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With ancient roots, a liberal arts education offers a path to brighter future

Washington and Lee University in Lexington, Virginia (YJI)

ROME ITALY — In a world dominated by Instagram filters, Facebook posts and Twitter tweets, I sometimes find myself dragged into a superficial world of information overload, full of fake news and empty content.

In that world, I’ve lost my real values and identity because I didn’t challenge myself, leaving me passive and indifferent towards many of the changes happening in society today.

One solution is a return to liberal arts, which have always urged new generations to understand their potential and to use their talents and learning to create a better world.

But where did liberal arts come from and why is it so relevant today?

Punting at Cambridge University. (Cass Lloyd Perrin)

The answer lies in the past. Back in the Greco-Roman world, liberal arts provided the foundation for the teaching method that was used, encompassing the “Trivium” of grammar, rhetoric and logic.

Later on, in the Middle Ages, the “Quadrivium” was added — arithmetic, geometry, music and astronomy — to create a curriculum of seven liberal art subjects.

These subjects formed the base on which many modern universities created their more complex curriculum.

The importance of liberal arts today can be explained with the Socratic Method, created by Socrates more than 2,400 years ago. It remains the foundation of education.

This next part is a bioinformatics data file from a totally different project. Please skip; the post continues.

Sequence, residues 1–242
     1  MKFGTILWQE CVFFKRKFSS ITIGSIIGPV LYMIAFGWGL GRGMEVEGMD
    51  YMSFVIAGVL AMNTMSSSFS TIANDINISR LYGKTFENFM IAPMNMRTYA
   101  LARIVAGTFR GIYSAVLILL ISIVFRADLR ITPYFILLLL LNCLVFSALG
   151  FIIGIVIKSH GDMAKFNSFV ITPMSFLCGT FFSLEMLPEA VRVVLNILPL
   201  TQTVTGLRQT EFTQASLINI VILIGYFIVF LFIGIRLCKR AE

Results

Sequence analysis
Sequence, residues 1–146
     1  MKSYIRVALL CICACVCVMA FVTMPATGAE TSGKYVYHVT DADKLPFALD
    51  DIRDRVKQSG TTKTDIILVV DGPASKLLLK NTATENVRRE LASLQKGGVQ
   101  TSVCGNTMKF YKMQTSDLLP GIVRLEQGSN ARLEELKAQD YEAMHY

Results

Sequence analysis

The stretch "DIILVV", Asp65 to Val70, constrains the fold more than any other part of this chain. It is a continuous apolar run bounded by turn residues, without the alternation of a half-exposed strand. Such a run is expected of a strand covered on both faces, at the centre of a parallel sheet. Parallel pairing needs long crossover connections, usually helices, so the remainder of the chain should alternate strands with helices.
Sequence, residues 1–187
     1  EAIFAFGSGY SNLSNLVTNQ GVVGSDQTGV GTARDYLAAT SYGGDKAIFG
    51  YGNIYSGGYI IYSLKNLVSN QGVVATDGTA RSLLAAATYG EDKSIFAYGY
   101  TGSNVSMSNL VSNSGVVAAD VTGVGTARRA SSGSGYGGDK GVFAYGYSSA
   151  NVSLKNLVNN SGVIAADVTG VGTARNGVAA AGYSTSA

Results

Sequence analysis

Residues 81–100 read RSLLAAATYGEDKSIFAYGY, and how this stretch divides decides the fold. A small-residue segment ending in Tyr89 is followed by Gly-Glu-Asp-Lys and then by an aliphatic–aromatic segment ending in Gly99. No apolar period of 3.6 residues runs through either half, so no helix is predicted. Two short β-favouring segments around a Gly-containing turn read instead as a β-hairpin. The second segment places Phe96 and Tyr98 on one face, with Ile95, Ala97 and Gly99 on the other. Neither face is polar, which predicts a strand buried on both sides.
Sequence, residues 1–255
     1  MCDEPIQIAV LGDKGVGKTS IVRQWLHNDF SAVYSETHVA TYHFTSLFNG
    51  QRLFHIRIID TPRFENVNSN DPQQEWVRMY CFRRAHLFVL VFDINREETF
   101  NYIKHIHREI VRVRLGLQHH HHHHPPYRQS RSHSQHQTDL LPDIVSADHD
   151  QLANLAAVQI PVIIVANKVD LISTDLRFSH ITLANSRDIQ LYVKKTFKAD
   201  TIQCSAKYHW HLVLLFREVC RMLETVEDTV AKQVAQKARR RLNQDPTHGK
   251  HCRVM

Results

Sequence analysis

In this method, the Greek philosopher creates an exchange between two people, better known as a dialogue, during which one person asks questions and the other answers. The two main elements are the discussion and the feedback.

Although it may seem superficial, Socrates saw in this method a way to create critical thinking which, consequently, creates a more well-rounded individual.

That constant exchange of ideas and links between different disciplines nurtures critical thinking.

That’s what liberal arts is.

In the United States, higher education reaches back before the founding of the country itself, with Harvard University founded on a model based on Oxford and Cambridge universities in England.

By the end of the 1900s there were 540 liberal arts colleges in the United States. Most of them are small, private universities with a carefully selected student body.

Though their student numbers are quite small, the programs they offer are extremely broad. They generally offer courses in many disciplines in order to form well-rounded graduates.

In general, the main liberal arts disciplines in the U.S. include humanities, social sciences, natural sciences such as astronomy and biology and formal sciences such as mathematic and statistics.

Liberal arts are booming in many places.

The Netherlands, for instance, has created a new liberal arts curriculum based on U.S. schools.

More and more countries are creating new liberal arts colleges, partly in a bid to attract more international students, including Paris Sciences Lettres, Masstricht and Amsterdam.

Because of the new emphasis on this education model, I have been lucky, as a student of my generation, to understand the changes taking place today – and how they can help society’s future.

During antiquity, students were taught to see from a wide point of view, based on their education and position in society.

Today, we would call them global citizens.

Liberal arts colleges can create more of them, a much-needed counterpart to the artificial intelligence and social media-driven emphasis that so many people get caught up in.

Maria Dirce Rebecchini is a Reporter for Youth Journalism International.

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